8. Inference for a single proportion: use of the normal distribution to construct conﬁ-
dence intervals and perform hypothesis tests for a single proportion.
9. Inference for a single mean: use of the t-distribution to construct conﬁdence intervals
and perform hypothesis tests for a single mean.
10. Inference for two samples: use of distributional approximations (normal or t) to
perform inference for a diﬀerence of proportions or a diﬀerence of means.
11. [No lab, assessment]
12. [No lab, Thanksgiving]
13. ANOVA: inference for more than two means, using the F distribution.
14. Chi-square: inference for more than two counts, using the χ2distribution
15. Inference for Regression: inference for the slope coeﬃcient in simple linear regression,
prediction and conﬁdence intervals. Multiple regression.
Although this was a 15-week semester, there are only 12 lab topics. Labs were not held
during the ﬁrst week of classes or during Thanksgiving week. Additionally, there were two
“lab assessments” to gauge student understanding of concepts within the context of their
lab software. One took place during ﬁnals week, the other was scheduled in week 11.
3.1 Summative assessments
One obvious question arising when considering the comparison of the two syntaxes is
whether students performed better in one section or another. The IRB for this study
did not cover examining student work (an obvious place for improved further research),
so we cannot look at student outcomes on a per-assignment basis. However, running a
randomization test for a diﬀerence in overall mean lab grades showed no signiﬁcant diﬀer-
ence between the two sections. While they may have been interesting diﬀerences in grades
depending on the topic of the lab, we at least know these diﬀerences averaged out in the
Similarly, it would be interesting to know if student attitudes about the instructor were
diﬀerent from the summative student evaluations completed by all students at the end of
the semester. These evaluations are anonymous, and the interface only provides summary
statistics. Again, a test for a diﬀerence in means showed no diﬀerence in mean evaluation
score on the questions “Overall, I rate this instructor an excellent teacher.” and “Overall,
I rate this course as excellent.”
3.2 Lab lengths
The ﬁrst question we seek to answer is whether the materials presented to students were
of approximately the same length. We can assess this based on the length of the pre-lab
documents (in lines) and of the pre-lab videos (in minutes).
The length of the pre-lab RMarkdown documents can be measured using lines. Figure
1shows the number of lines of code for each section’s pre-lab document, per week.
It indicates RMarkdown documents for the tidyverse section tended to be longer. We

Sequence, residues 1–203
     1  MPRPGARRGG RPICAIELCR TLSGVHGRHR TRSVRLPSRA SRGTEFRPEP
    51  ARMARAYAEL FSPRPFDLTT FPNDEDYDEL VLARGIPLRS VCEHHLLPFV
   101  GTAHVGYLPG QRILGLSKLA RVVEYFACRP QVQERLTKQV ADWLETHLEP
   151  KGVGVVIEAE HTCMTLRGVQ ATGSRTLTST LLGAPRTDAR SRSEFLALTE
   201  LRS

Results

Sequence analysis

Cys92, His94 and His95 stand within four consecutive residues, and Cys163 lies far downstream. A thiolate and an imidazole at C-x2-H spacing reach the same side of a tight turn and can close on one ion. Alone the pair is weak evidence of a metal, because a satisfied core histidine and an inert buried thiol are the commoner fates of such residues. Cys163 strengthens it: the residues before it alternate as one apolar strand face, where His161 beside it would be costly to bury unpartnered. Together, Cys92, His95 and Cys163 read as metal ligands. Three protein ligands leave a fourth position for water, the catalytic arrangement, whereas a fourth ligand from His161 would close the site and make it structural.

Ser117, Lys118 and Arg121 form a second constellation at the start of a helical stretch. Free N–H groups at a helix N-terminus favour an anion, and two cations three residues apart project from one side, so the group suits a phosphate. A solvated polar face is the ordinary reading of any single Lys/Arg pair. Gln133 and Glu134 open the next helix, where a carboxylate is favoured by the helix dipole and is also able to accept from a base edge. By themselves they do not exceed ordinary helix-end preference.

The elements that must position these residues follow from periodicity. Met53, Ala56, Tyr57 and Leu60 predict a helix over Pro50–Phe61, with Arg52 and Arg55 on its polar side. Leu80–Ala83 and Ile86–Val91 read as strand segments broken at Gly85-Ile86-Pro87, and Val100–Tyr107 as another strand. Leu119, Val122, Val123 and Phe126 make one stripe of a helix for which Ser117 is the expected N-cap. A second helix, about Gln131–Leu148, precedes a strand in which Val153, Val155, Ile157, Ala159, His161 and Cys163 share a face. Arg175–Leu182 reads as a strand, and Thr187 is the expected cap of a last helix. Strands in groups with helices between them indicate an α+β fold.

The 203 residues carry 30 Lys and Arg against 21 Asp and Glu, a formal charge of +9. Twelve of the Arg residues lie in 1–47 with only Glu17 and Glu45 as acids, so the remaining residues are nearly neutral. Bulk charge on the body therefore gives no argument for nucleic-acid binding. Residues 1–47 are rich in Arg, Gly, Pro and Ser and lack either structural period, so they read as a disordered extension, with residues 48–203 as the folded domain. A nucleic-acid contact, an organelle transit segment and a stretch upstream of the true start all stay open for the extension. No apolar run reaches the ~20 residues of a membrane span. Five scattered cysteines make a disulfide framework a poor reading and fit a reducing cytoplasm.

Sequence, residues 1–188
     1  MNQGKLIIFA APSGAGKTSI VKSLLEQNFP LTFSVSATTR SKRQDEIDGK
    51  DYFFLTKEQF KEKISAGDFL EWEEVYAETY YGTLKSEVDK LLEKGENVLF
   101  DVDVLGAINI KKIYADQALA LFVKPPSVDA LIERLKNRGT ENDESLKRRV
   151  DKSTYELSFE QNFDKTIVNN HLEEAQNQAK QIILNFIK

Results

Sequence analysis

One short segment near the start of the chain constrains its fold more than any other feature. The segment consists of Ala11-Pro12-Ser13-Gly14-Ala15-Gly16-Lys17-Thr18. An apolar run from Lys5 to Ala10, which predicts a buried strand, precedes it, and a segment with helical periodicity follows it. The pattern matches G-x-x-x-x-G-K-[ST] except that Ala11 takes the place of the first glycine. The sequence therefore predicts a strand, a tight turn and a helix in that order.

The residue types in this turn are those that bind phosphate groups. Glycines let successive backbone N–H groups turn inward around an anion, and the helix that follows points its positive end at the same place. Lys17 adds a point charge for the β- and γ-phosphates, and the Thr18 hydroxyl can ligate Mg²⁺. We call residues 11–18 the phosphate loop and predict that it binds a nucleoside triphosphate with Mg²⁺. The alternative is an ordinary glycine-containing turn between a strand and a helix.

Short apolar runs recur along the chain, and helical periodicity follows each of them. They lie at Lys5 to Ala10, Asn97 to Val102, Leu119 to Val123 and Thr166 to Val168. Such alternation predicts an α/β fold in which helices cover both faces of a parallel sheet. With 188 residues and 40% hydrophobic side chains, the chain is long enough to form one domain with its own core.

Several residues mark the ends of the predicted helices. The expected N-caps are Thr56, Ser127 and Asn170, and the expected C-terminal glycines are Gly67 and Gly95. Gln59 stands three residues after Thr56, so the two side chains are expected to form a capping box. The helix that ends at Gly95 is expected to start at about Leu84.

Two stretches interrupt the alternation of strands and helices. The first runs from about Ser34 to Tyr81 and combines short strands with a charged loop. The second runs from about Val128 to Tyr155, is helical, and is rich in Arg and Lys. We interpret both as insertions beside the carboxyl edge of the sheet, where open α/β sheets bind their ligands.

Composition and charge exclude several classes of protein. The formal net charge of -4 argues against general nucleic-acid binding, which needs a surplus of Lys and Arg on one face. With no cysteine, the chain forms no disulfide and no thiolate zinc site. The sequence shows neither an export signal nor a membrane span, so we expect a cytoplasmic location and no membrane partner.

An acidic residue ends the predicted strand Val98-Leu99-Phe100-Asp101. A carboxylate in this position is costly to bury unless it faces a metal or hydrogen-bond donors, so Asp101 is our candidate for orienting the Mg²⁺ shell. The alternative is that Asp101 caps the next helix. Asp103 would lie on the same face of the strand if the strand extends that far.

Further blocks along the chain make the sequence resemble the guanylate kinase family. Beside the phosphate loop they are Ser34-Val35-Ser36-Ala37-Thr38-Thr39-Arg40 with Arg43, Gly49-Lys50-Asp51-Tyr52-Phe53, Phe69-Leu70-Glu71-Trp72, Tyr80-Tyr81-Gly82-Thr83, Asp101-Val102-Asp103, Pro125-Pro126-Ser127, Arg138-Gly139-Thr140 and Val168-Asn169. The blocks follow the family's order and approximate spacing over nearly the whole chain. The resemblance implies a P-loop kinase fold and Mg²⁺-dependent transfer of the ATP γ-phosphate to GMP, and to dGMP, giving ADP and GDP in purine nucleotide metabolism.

can compute a diﬀerence in lab lengths for each week, and compute the mean diﬀerence,
which is 19 lines. Because we only have 12 labs worth of data, we used a bootstrap procedure
to generate a conﬁdence interval for the mean of the diﬀerences. The 95% interval is (9,
1 3 5 7 9 11 13 15
Week of semester
Length (in lines) of pre−lab
Figure 1: Length of pre-lab RMarkdown documents each week, in lines. Data has
been adjusted for the formula section in weeks 8 and 9, because an instructor error
led this section to have only one document combining both weeks’ work.
29), which indicates labs for the tidyverse section were longer, but only by a few lines.
A slightly longer length for these labs makes sense, because tidyverse code is charac-
terized by multiple short lines strung together into a pipeline with %>%, while the formula
syntax typically has single function calls, sometimes with more arguments.
Then the question becomes if the longer lengths of documents lent themselves to longer
pre-lab videos. Figure 2shows the video lengths, which appear more consistent between
sections. Eﬀort was made to ensure the maximum video length was approximately 20
minutes, and some weeks had multiple videos.
Again, we can compute a pairwise diﬀerence in total video length (adding together
multiple videos in weeks that had them), and compute the mean of that diﬀerence. That
diﬀerence is 2 minutes (tidyverse videos being longer). We can then compute a 95%
bootstrap conﬁdence interval for the diﬀerence, (0.16, 4). Again, it appears ‘tidyverse
videos are longer, although just by a few minutes.
1 3 5 7 9 11 13 15
Week of semester
Total length of pre−lab
Figure 2: Length of pre-lab videos each week. Outlines help delineate multiple videos
for a single week.
3.2.1 Divergent labs
One place where the labs are of particularly diﬀerent lengths is in week 3, when the topic
was exploratory data analysis for one and two categorical variables. For the formula section
the RMarkdown document was 134 lines long, and the two videos totaled 28 minutes. The
RMarkdown document for the tidyverse section was 180 lines long, and the videos totaled
35 minutes. There is a clear reason why.
In the formula section, students found frequency tables and relative frequency tables
with code as in Code Block 3.1 and Code Block 3.2.
tally(~island, data = penguins)
tally(~island, data = penguins, format = "percent")
tally(species ~island, data = penguins)
Code Block 3.1: Making tables of one and two categorical variables using the formula
syntax and mosaic::tally().
tally(species ~island, data = penguins, format = "percent")
species Biscoe Dream Torgersen
Adelie 26.19048 45.16129 100.00000
Chinstrap 0.00000 54.83871 0.00000